The generally rectangular locking bar 22 is positioned in the lock case 24 above the motor assembly 12 so as to engage a locking slot 82 formed in the operating hub 44, as shown in FIGS. 3 and 7. The locking bar 22 includes a locking lug 84 sized to fit into the locking slot 82, a central aperture 86 having a front surface 85 and a rear surface 87 and being sized to receive a portion of the locking bar spring 20 as shown in FIGS. 3-7, and a plurality of lock case-engaging lugs 88. The lugs 88 are positioned to fit in slots 90 formed in the first and second side walls 58 and 59 (slots not shown in second side wall 59). The lug-receiving slots 90 provide vertical support for the locking bar 22, while allowing lateral movement of the locking bar 22 between a locked position engaging the hub 44 (as shown in FIGS. 3 and 7) and an unlocked position disengaging the hub 44 (as shown in FIGS. 4 and 5).
The pivot hub 16 includes a central aperture 92, a raised boss 94, and a clutch housing 96 extending radially-outwardly from the pivot aperture 92, as shown best in FIGS. 1 and 2. The pivot hub bearing 18 is sized to fit into the central aperture 92 while allowing the pivot hub bearing ! 8 to slip rotationally in the aperture 92. Pivot hub bearing 18 incorporates a D-shaped hole 98 extending axially therethrough for engaging the complementary D-shaped drive shaft 78 of the motor assembly 12. As shown in FIG. 3, the pivot hub 16 is positioned to lie adjacent to the first portion 60 of the motor mount 14, the cantilevered body 110 of the locking bar spring 20 is arranged to rest against the support tab 64, and the clutch housing 96 is positioned to lie between the unlocking-stop tab 66 and the locking-stop tab 68. The pivot hub bearing 18 is positioned in the central aperture 92 in the pivot hub 16 and is arranged to engage the drive shaft 78.
The locking bar spring 20 is shown best in FIGS. 1 and 2 and includes a base 100 configured to match the curved perimetral contour of the pivot hub 16. The base 100 of the spring 20 includes a window 101 configured to receive a raised boss 94 formed on the pivot hub 16. The locking bar spring 20 also includes a cantilevered body 110 extending from the base 100 in a direction generally radially outwardly from the pivot aperture 92. The cantilevered body 110 is also offset axially from the base 100 so as to rest on the support tab 64.
The radially distal end of the cantilevered body 110 includes a mechanical locking bar cam 112. The locking bar cam 112 includes a leading cam surface 114 projecting at an acute angle from the cantilevered body 110. A trailing cam surface 116 projects from the end of leading cam surface 114 and extends back to the cantilevered body 110, so that the leading cam surface 114, the trailing cam surface 116, and the cantilevered body 110 cooperate to form a "triangle" as shown best in FIG. 2.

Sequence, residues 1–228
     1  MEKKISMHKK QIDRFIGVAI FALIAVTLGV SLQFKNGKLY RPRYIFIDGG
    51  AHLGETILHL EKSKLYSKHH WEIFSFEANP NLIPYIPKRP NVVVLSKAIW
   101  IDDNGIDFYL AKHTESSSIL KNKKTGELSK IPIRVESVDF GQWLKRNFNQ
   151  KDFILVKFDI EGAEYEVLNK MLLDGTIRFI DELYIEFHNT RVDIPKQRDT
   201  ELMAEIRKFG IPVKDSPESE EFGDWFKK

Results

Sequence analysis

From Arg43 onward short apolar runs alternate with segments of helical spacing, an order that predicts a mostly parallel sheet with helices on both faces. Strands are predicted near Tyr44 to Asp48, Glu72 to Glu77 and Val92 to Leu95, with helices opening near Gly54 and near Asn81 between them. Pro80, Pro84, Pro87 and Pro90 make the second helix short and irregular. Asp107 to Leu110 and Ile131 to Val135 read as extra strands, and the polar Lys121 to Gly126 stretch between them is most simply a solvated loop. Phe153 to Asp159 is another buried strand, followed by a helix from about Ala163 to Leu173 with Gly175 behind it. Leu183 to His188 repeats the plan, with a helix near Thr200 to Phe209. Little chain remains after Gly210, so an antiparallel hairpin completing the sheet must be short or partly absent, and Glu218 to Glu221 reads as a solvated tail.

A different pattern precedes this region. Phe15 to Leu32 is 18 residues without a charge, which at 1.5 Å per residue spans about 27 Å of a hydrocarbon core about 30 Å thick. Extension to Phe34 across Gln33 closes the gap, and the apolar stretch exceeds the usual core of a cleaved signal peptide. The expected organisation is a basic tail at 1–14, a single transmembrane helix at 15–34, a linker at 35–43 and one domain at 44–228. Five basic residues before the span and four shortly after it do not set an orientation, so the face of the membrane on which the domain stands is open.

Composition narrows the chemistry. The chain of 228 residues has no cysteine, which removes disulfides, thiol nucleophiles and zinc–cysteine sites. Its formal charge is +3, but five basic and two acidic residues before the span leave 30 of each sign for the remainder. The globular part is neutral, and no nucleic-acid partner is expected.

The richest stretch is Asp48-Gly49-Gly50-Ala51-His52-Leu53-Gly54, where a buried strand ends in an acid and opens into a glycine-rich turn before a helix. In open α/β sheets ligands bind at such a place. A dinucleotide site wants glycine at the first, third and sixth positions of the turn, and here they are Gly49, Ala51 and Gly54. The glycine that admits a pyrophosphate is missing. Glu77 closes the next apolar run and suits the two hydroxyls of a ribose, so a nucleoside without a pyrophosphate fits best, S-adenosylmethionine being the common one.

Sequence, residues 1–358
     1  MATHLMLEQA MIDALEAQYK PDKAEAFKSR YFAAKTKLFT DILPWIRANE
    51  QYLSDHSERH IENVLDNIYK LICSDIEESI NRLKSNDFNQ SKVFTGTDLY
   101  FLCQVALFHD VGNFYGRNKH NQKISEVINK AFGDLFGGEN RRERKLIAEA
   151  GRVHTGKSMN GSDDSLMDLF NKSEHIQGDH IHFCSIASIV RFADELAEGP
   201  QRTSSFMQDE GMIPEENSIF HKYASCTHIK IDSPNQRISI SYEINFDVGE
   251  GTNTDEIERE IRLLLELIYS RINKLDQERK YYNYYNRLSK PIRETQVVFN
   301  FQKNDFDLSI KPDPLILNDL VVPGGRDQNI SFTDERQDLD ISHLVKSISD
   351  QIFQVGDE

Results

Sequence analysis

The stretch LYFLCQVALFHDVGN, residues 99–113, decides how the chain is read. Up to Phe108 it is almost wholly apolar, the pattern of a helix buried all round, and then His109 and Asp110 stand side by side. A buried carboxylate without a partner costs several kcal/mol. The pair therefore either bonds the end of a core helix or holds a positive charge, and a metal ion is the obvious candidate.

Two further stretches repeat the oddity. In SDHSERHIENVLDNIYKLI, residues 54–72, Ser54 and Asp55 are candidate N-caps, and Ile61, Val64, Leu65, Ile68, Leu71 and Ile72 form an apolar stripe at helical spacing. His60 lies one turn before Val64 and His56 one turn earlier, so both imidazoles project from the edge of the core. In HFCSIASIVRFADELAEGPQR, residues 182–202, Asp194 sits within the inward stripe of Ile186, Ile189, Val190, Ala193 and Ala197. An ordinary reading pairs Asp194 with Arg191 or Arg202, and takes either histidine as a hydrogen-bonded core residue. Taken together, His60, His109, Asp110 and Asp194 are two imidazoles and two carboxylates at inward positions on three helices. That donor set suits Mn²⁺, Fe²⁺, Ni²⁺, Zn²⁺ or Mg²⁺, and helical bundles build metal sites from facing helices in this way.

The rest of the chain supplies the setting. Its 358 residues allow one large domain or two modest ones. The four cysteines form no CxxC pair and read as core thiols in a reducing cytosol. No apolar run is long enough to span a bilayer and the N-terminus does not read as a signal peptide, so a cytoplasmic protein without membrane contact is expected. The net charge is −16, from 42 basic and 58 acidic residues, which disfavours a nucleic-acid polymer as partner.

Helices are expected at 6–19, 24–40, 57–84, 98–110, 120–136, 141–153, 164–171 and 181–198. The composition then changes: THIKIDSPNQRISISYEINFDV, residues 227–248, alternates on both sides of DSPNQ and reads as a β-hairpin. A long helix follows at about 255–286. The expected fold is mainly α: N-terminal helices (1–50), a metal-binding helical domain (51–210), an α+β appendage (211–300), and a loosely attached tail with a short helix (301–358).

The locking bar cam 112 engages the locking bar 22 to move the locking bar 22 into and out of the locking slot 82 of the hub 44. When the-locking bar 22 is engaged with the hub 44, clockwise rotation of the pivot hub 16 moves the locking bar cam 112 so that the trailing cam surface 116 contacts the rear surface 87 of the central aperture 86 and pulls the locking bar 22 out of the locking slot 82. Counterclockwise rotation of the pivot hub 16 moves the locking bar cam 112 so that the leading cam surface 114 contacts the front surface 85 of the central aperture 86 to push the locking bar 22 into the locking slot 82.
It has been demonstrated that locking mechanisms that rely almost entirely on appropriate spring forces to adequately retain the actual locking components in their proper functioning locations can be easily defeated by repeated vibrational attacks. The locking bar cam 112 prevents the locking bar 22 from being forced backwards during vibrational attack on the lockset 11 by providing a mechanical interference condition between the locking bar spring receiving aperture 86 and the leading cam surface 114. The leading cam surface 114 is purposely designed to encourage the locking bar spring 20 to move rotationally downward, thereby preventing the locking bar spring 20 and pivot hub 16 from rotating in a clockwise direction. Moreover, the trailing cam surface 116 serves to prevent the locking bar cam 112 from yielding when excessive force is applied, during vibrational attack on the lockset 11. Additional support to prevent the-locking bar spring 20 from being forced in a rotationally downward direction is provided by support tab 64 formed on the motor mount 14. The support tab 64 prevents the locking bar cam 112 from disengaging the central aperture 86.